What will the new public sector exit payments cap mean for employers?

Caroline Yarrow and Alex Rush explain whether the changes will lead to a taxpayer saving – or a runway to the employment tribunal

The Restriction of Public Sector Exit Payments Regulations 2020 came into force on 4 November 2020. The regulations have a considerable impact on public sector exit arrangements for those public bodies listed in the schedule to the regulations.

The legislation stems from an initiative in 2015, where the then government sought to reduce the cost of public sector redundancy payments to the taxpayer. 

In summary: 

  • The regulations introduce a £95,000 cap on the aggregate value (before tax) of exit payments made to public sector employees, including redundancy and voluntary exit payments. 
  • The scope of the cap extends beyond direct payments – it also catches actuarial strain costs paid by an employer to a pension scheme to facilitate early retirement pensions on an unreduced basis (payable from many public sector pension schemes on redundancy above a specified age).
  • Certain exit payments are excluded from the cap including injury compensation, payment in lieu of accrued but untaken holiday, payment in lieu of notice not exceeding 25 per cent of annual salary and payments under a court order.
  • The cap does not apply in ‘mandatory’ situations (including where TUPE rights would be affected or to settle certain, but not all, employment tribunal litigation). 
  • In exceptional cases, the employer has a discretionary power to relax the cap subject to various approvals. 
  • The regulations override employment contract obligations. 
  • The terms of public sector pension schemes are being amended to limit early retirement enhancements that might otherwise result in the cap being breached.

While the cap may result in substantial savings to those employers that are covered by the regulations and the public purse more generally, its effect and the manner of its implementation creates several employment and pensions’ law issues. 

First, the cap does not just affect top-level managers. Long-serving employees with modest salaries could find that an indirect ‘strain’ payment to fund an unreduced early retirement pension uses up most of the cap. This may make redundancy exercises more complex and reduce the uptake of voluntary redundancy packages, particularly by older employees. Employers will need to consider carefully the structuring of any exit arrangement and may need to seek input from each affected employee to find the right individual exit solution.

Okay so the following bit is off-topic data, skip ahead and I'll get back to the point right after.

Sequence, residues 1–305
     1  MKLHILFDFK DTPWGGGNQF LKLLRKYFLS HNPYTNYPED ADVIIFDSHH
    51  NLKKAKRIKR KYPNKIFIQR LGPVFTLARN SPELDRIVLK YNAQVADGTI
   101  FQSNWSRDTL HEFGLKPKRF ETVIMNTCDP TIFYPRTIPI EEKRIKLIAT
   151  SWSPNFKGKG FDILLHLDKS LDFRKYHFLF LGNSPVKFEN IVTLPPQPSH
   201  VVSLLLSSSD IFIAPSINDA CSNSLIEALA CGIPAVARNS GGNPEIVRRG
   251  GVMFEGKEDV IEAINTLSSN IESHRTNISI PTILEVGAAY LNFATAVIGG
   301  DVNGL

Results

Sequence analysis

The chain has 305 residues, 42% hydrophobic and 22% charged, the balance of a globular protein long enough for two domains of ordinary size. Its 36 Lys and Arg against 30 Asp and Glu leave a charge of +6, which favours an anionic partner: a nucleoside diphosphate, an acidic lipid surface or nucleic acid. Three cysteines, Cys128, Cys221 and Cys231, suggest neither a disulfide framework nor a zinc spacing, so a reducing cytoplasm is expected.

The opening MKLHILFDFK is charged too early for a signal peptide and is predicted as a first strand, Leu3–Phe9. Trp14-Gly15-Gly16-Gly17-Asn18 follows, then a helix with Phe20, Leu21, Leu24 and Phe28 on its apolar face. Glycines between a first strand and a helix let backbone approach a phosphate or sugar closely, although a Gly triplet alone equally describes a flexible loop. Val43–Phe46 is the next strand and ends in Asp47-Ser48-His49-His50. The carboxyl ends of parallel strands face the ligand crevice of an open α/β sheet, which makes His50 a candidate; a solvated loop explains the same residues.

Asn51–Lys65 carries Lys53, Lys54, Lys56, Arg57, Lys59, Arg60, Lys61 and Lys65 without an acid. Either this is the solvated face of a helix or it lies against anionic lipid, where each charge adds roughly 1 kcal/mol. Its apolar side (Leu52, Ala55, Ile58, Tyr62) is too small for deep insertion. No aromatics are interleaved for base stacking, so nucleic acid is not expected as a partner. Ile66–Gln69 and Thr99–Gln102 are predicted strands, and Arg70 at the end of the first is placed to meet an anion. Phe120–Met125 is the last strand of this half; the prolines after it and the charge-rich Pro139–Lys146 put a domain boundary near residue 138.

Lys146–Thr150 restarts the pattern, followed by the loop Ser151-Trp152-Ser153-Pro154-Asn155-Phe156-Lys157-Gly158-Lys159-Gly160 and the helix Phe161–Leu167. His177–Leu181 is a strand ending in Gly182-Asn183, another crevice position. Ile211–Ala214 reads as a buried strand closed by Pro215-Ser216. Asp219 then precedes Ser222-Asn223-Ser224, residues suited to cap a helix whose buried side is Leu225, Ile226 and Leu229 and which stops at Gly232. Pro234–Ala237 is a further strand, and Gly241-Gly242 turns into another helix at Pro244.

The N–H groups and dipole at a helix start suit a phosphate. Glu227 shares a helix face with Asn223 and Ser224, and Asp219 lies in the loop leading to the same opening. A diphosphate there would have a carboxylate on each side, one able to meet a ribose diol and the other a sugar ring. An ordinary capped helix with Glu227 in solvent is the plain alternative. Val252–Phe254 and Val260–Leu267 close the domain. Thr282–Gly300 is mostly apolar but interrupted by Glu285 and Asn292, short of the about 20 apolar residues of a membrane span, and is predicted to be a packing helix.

Second, the regulations take effect before the pension schemes have been amended to accommodate the cap. This may create a short-term situation where a breach of law will occur – the scheme rules may require a payment that exceeds the cap, resulting in a choice between breaching the regulations or the statutory provisions of the pension scheme. This, together with the cap’s effect on pre-existing rights under an employee’s employment contract and commitments made by earlier governments not to meddle in public sector pensions (for example, a 25-year promise made in 2013), could result in legal challenges from individuals, groups of employees and/or unions. 

Third, the cap does not apply where a member of a public sector pension scheme is in private sector employment. This means that employees carrying out public functions in the context of outsourcing might be better off on redundancy than their counterparts, who are made redundant from public sector employment. This anomaly is compounded by the fact that so-called ‘Beckmann rights’ on a TUPE transfer are protected from the cap. This means that outsourced staff who transfer back to public sector employment – for example, at the end of an outsourcing agreement where a previously outsourced function is brought back under public sector control – could retain their valuable early retirement pension rights.

Fourth, the cap might inadvertently result in a situation whereby employees who are potentially to be exited seek to craft a narrative about potential claims to manoeuvre themselves within the exceptions to the cap and discussions about exit could become more costly and time-consuming as a result.

Given the issues and anomalies set out above, it remains to be seen whether the cap will deliver the long-term taxpayer savings it is targeting.

Caroline Yarrow is a partner in the employment team, and Alex Rush is legal director in the pensions team, at BDB Pitmans